Before speaking to a crowd of about 20,000 near the Cagliari city port, Pope Francis heard a series of speeches in greeting, including one from an unemployed father of three, who spoke of how joblessness “wears you out to the depths of your soul.”
In response, the pope discarded his prepared remarks and told his audience what he said “comes to me in my heart seeing you in this moment.”
Pope Francis recalled the struggles of his immigrant Italian father in 1930s Argentina.
“They lost everything. There was no work,” he said. “I was not born yet, but I heard them speak about this suffering at home. I know this well. But I must tell you: courage.”
The pope said he knew that his preaching alone would mean little to those in difficulty.
“I must do everything I can so that this word ‘courage’ is not a pretty fleeting word, not only the smile of (a) cordial church employee,” he said. “I want this courage to come out from inside and push me to do all I can as a pastor, as a man. We must all face this historic challenge with solidarity and intelligence.”
20 September 2013
In this image from July, Pope Francis embraces a patient at St. Francis of Assisi Hospital in Rio De Janeiro. The pontiff addressed a group of recovering drug addicts, offering them a message of compassion and hope. (photo:CNS/L’Osservatore Romano).
Pope Francis made big news yesterday, with the publication of a remarkable interview described by CNS:
In a lengthy and wide-ranging interview with one of his Jesuit confreres, Pope Francis spoke with characteristic frankness about the perils of overemphasizing Catholic teaching on sexual and medical ethics; the reasons for his deliberate and consultative governing style; and his highest priority for the church today.
The pope’s remarks appeared in an interview with Jesuit Father Antonio Spadaro, editor of the Italian journal La Civilta Cattolica. The interview, conducted in August, was the basis for a 12,000-word article published Sept. 19 in the U.S. magazine America, and simultaneously in other Jesuit publications in other languages.
According to the editor of America, Jesuit Father Matt Malone, Pope Francis personally reviewed the article and approved its publication.
“We cannot insist only on issues related to abortion, gay marriage and the use of contraceptive methods,” the pope said in the interview, noting that he had been “reprimanded” for failing to speak often about those topics. “It is not necessary to talk about these issues all the time.
“The dogmatic and moral teachings of the church are not all equivalent,” the pope added. “The church’s pastoral ministry cannot be obsessed with the transmission of a disjointed multitude of doctrines to be imposed insistently.
“Proclamation in a missionary style focuses on the essentials, on the necessary things,” he said. “We have to find a new balance; otherwise even the moral edifice of the church is likely to fall like a house of cards, losing the freshness and fragrance of the Gospel.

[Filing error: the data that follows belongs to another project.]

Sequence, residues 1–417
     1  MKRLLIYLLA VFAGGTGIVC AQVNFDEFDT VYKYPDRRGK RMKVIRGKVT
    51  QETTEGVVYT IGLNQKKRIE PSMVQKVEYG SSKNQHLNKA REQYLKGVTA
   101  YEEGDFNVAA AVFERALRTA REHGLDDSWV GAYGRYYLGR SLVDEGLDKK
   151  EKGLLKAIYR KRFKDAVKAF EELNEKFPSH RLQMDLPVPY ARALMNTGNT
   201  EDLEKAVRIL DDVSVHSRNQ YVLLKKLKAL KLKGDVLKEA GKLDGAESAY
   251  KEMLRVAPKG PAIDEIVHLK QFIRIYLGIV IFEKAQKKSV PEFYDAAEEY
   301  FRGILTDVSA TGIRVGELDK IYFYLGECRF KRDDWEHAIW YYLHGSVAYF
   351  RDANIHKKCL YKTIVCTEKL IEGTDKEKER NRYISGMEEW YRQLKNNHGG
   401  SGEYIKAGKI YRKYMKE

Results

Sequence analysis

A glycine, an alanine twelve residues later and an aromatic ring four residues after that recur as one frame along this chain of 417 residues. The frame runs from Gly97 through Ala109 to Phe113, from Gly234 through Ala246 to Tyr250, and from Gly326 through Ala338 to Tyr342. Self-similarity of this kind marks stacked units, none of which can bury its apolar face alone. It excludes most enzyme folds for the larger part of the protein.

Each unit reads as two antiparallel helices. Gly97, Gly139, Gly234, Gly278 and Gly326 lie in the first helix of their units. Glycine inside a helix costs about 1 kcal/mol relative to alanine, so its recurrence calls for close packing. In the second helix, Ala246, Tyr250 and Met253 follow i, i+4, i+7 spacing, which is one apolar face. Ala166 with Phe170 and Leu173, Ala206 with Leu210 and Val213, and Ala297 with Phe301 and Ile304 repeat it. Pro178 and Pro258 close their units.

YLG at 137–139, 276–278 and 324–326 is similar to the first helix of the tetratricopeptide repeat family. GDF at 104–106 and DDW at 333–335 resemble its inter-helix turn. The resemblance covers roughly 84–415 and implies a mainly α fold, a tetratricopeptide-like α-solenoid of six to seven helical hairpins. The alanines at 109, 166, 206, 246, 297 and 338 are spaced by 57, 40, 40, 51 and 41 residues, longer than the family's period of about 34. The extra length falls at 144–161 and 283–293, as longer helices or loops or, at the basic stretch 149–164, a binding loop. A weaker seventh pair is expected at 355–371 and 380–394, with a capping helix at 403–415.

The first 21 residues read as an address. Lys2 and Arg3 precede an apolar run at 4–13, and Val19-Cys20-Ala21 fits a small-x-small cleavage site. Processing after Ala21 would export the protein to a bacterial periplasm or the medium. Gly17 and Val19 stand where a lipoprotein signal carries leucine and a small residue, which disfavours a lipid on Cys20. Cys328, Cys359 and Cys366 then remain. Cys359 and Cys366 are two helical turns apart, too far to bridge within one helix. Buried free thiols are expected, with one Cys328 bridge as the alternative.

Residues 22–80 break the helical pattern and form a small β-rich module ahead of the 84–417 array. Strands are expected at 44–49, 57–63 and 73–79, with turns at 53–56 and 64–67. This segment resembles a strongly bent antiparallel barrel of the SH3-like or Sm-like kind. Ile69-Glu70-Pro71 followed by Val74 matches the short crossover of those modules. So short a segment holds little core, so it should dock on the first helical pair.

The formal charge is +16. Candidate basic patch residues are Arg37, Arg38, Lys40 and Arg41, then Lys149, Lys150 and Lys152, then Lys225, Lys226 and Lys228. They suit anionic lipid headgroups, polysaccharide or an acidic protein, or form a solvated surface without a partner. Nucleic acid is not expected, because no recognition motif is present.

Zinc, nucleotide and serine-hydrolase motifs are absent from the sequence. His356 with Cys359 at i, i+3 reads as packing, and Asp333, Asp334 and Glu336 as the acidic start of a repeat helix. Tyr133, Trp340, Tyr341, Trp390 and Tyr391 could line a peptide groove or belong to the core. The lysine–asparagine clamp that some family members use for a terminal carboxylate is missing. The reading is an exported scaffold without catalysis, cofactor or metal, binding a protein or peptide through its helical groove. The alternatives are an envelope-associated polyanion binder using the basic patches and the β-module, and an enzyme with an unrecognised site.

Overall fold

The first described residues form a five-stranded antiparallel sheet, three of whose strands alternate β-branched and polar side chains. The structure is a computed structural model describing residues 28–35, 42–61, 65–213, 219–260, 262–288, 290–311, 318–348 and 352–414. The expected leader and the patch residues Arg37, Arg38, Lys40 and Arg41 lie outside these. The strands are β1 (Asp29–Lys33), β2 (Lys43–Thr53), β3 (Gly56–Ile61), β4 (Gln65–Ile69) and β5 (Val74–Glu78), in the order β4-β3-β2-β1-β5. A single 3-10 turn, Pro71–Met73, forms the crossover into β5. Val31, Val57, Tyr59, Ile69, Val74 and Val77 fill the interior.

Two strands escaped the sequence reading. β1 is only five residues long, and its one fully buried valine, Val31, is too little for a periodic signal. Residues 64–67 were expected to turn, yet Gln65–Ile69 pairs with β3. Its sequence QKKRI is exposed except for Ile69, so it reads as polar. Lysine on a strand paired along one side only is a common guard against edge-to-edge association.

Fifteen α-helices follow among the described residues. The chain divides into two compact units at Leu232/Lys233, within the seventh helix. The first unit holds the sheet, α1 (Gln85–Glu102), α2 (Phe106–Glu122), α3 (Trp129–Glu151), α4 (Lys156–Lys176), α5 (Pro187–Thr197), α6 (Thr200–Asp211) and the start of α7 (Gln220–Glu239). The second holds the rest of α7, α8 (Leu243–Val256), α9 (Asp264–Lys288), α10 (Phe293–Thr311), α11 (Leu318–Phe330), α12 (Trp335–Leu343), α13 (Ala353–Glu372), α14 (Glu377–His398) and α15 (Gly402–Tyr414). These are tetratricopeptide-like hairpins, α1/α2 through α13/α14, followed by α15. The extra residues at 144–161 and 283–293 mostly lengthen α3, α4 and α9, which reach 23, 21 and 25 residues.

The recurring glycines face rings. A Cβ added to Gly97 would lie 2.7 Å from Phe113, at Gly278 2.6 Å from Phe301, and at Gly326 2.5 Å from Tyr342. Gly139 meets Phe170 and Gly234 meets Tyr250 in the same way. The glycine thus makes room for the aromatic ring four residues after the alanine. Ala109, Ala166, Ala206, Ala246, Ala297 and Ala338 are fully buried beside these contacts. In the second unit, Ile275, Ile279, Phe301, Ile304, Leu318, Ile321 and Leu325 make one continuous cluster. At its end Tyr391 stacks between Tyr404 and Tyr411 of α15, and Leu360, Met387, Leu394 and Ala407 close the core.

“The proposal of the Gospel must be more simple, profound, radiant. It is from this proposition that the moral consequences then flow.”
The pope reaffirmed one of his major themes: the need for mercy rather than judgment when approaching sin.
“The thing the church needs most today is the ability to heal wounds and to warm the hearts of the faithful. It needs nearness, proximity,” he said.
“The church sometimes has locked itself up in small things, in small-minded rules. The most important thing is the first proclamation: Jesus Christ has saved you,” the pope said.
“The confessional is not a torture chamber,” he said, “but the place in which the Lord’s mercy motivates us to do better.
“Those who today always look for disciplinarian solutions, those who long for an exaggerated doctrinal ’security,’ those who stubbornly try to recover a past that no longer exists — they have a static and inward-directed view of things,” Pope Francis said. “In this way, faith becomes an ideology among other ideologies.”
You can read the exclusive interview in its entirety at America magazine.
19 September 2013
Tags: Pope Francis Catholic Church Catholicism
Icongrapher Ian Knowles works on a new icon for the shrine of Our Lady of the Mountain in Anjara, depicting scenes from the life of Christ. Read more about efforts to preserve the ancient art of icon writing in Prayers in Paint, in the Summer issue of ONE. (photo: Nicholas Seeley)
18 September 2013
Tags: Palestine Cultural Identity ONE magazine Icons
In India, novices of the Congregation of the Mother of Carmel gather for morning prayer. (photo: Sean Sprague)
In 2000, we visited the Congregation of the Mother of Carmel (or C.M.C. sisters) in Ashoga Puram and got a look at the women we dubbed ‘Indian Energizers’:
The sisters’ dedication to education is astounding and tireless. In all, this Syro-Malabar Catholic community works in roughly 500 institutions of education throughout India, with a concentration in Kerala. The sisters provide extensive educational opportunities in lower primary grades, high schools, colleges and specialty schools, as well as in 230 nursery schools that also act as day care centers for the children of working parents.